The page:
Fresh Del Monte expands into row crops as it finds innovative ways to optimize its assets

USA — Fresh Del Monte is expanding its crop portfolio to include row crops as it continues to find innovative ways to optimize its assets (including underutilized land) amid global concerns over rising costs and global food shortages.

In a statement, the vertically-integrated producer, distributor, and marketer of fruits and vegetables announced that it has entered into the row crop business – crops that will be grown on the company’s resting lands, in between its core crop seasons.

Fresh Del Monte intends to grow row crops on its “resting lands” in between core crop seasons, and has already kicked off its row crop expansion project with white corn in Guatemala which will be ready for harvest in July 2022.

Furthermore, the company is currently evaluating hundreds of hectares that go through resting periods for additional crop rotation opportunities.

“We as a company are large-scale farmers, and we’re also big on asset optimization and thinking outside the box when it comes to leveraging all our assets,” said Mohammad Abu-Ghazaleh, chairman and chief executive officer of Fresh Del Monte.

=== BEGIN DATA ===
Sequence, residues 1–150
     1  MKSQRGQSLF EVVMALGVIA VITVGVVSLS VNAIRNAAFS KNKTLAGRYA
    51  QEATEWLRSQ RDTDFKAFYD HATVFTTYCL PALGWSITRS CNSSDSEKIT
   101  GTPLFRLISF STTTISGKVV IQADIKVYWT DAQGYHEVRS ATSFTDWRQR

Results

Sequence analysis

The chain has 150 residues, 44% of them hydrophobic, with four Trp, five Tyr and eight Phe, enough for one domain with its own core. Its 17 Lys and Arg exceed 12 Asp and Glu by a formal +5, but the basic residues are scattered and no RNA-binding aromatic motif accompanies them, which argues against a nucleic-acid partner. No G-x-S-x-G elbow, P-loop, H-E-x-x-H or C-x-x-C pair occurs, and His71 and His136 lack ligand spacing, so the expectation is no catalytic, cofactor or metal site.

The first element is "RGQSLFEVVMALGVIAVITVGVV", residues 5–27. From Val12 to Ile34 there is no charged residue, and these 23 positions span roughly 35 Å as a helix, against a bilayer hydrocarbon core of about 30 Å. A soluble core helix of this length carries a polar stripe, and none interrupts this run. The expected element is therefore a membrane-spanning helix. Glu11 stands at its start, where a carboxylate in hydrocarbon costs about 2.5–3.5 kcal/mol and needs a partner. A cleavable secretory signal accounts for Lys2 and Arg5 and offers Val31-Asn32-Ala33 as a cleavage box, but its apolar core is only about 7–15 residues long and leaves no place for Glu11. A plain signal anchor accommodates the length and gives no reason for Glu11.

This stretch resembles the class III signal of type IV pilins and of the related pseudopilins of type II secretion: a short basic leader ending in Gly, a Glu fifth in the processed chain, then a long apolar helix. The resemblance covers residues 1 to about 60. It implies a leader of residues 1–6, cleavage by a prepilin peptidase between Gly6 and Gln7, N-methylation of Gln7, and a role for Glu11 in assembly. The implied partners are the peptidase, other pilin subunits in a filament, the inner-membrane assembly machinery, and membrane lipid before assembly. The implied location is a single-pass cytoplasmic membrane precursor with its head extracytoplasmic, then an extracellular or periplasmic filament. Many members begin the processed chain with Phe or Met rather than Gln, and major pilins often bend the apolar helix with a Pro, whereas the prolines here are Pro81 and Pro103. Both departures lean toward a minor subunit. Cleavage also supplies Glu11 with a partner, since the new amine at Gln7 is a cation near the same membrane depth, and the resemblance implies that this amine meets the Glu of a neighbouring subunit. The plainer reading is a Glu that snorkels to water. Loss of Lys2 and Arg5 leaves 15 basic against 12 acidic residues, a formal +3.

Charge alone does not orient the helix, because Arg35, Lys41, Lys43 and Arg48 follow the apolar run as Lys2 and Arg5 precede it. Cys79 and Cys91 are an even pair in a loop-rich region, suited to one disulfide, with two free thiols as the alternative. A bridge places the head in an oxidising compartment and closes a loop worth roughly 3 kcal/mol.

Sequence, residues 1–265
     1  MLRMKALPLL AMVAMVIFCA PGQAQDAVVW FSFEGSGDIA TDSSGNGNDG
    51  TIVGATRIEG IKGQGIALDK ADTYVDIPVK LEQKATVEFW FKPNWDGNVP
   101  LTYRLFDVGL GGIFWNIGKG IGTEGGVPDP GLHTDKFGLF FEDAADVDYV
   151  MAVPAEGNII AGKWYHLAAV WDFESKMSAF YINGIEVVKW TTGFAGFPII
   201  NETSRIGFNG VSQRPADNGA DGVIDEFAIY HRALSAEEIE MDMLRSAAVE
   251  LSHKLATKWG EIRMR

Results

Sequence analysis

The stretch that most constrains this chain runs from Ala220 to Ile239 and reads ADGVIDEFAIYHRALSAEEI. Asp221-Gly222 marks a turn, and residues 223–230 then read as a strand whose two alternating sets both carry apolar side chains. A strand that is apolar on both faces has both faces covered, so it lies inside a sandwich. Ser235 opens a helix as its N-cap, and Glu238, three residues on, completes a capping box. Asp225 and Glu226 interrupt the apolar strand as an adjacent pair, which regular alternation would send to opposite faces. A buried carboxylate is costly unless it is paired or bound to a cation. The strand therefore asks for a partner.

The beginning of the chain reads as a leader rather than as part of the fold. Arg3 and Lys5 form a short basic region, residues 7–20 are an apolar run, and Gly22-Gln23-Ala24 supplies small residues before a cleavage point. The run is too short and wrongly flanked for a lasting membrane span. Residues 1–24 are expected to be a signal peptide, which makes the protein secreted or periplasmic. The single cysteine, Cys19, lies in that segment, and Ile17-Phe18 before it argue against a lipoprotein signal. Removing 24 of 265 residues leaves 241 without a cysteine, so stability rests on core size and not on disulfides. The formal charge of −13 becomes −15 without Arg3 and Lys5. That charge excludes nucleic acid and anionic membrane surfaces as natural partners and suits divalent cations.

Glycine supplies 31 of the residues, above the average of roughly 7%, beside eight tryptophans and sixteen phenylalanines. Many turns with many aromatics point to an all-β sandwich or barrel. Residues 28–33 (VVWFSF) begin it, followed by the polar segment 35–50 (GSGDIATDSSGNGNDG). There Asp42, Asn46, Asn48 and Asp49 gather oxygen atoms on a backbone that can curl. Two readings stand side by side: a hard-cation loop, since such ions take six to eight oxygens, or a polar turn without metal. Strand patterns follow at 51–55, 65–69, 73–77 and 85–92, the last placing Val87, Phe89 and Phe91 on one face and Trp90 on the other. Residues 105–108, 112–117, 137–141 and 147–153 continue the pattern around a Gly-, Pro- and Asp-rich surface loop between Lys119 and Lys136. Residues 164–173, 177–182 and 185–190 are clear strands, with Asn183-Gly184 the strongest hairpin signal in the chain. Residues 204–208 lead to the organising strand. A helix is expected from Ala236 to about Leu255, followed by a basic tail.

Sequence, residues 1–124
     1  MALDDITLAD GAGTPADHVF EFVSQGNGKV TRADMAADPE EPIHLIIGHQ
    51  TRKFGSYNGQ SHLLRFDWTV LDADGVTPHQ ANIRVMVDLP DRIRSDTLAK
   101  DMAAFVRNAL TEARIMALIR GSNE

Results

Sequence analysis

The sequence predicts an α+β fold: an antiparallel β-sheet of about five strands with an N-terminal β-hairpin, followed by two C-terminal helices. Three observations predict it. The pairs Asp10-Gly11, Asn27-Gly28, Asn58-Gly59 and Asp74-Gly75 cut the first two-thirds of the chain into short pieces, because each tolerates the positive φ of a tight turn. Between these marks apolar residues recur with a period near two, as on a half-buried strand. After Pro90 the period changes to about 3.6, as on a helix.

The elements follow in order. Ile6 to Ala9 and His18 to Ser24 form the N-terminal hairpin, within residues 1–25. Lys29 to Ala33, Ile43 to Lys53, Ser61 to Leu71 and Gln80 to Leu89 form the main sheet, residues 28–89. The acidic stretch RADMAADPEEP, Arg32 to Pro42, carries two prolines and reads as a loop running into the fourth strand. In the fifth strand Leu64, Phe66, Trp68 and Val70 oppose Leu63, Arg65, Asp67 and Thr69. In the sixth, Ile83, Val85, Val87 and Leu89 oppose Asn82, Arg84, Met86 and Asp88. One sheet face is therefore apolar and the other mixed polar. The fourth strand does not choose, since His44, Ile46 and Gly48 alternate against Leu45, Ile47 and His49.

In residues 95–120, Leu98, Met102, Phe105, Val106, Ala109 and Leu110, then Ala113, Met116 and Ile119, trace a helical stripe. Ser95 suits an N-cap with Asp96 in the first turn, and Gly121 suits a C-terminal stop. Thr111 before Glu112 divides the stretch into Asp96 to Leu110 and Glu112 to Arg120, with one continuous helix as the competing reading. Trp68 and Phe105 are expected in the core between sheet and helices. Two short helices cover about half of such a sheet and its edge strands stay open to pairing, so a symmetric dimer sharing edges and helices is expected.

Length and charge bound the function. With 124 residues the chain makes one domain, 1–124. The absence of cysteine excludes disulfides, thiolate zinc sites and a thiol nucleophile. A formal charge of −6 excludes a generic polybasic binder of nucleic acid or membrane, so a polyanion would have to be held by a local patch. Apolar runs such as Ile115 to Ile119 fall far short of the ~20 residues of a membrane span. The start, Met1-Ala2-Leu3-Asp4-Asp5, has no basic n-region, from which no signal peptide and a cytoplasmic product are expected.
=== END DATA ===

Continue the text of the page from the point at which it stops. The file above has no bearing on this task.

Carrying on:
Venturing into crops such as corn and sugarcane will generate economic profits for Fresh del Monte, while also addressing the world’s grain shortage and creating a source of employment for its workers between core crop seasons.

Furthermore, the new venture will optimize land, with crop rotation reducing the incidence of soil pests and helping to maintain the biological balance between beneficial and harmful pests at the same time.

Fresh Del Monte reported a US$303.8m gross profit for 2021 compared with US$250.9m in the prior-year period, boosted by improved demand on key product categories. “In 2021 we posted robust double-digit operating income growth compared with 2020,” said Mohammad.

‘We demonstrated agility and industry leadership in navigating the current challenging macroeconomic environment as we focused on mitigating industry-wide supply and labor headwinds.

As the Coral Gables-based fresh produce giant continues to diversify and make optimal use of all its assets, it is bound to realize even greater returns on its future investments.

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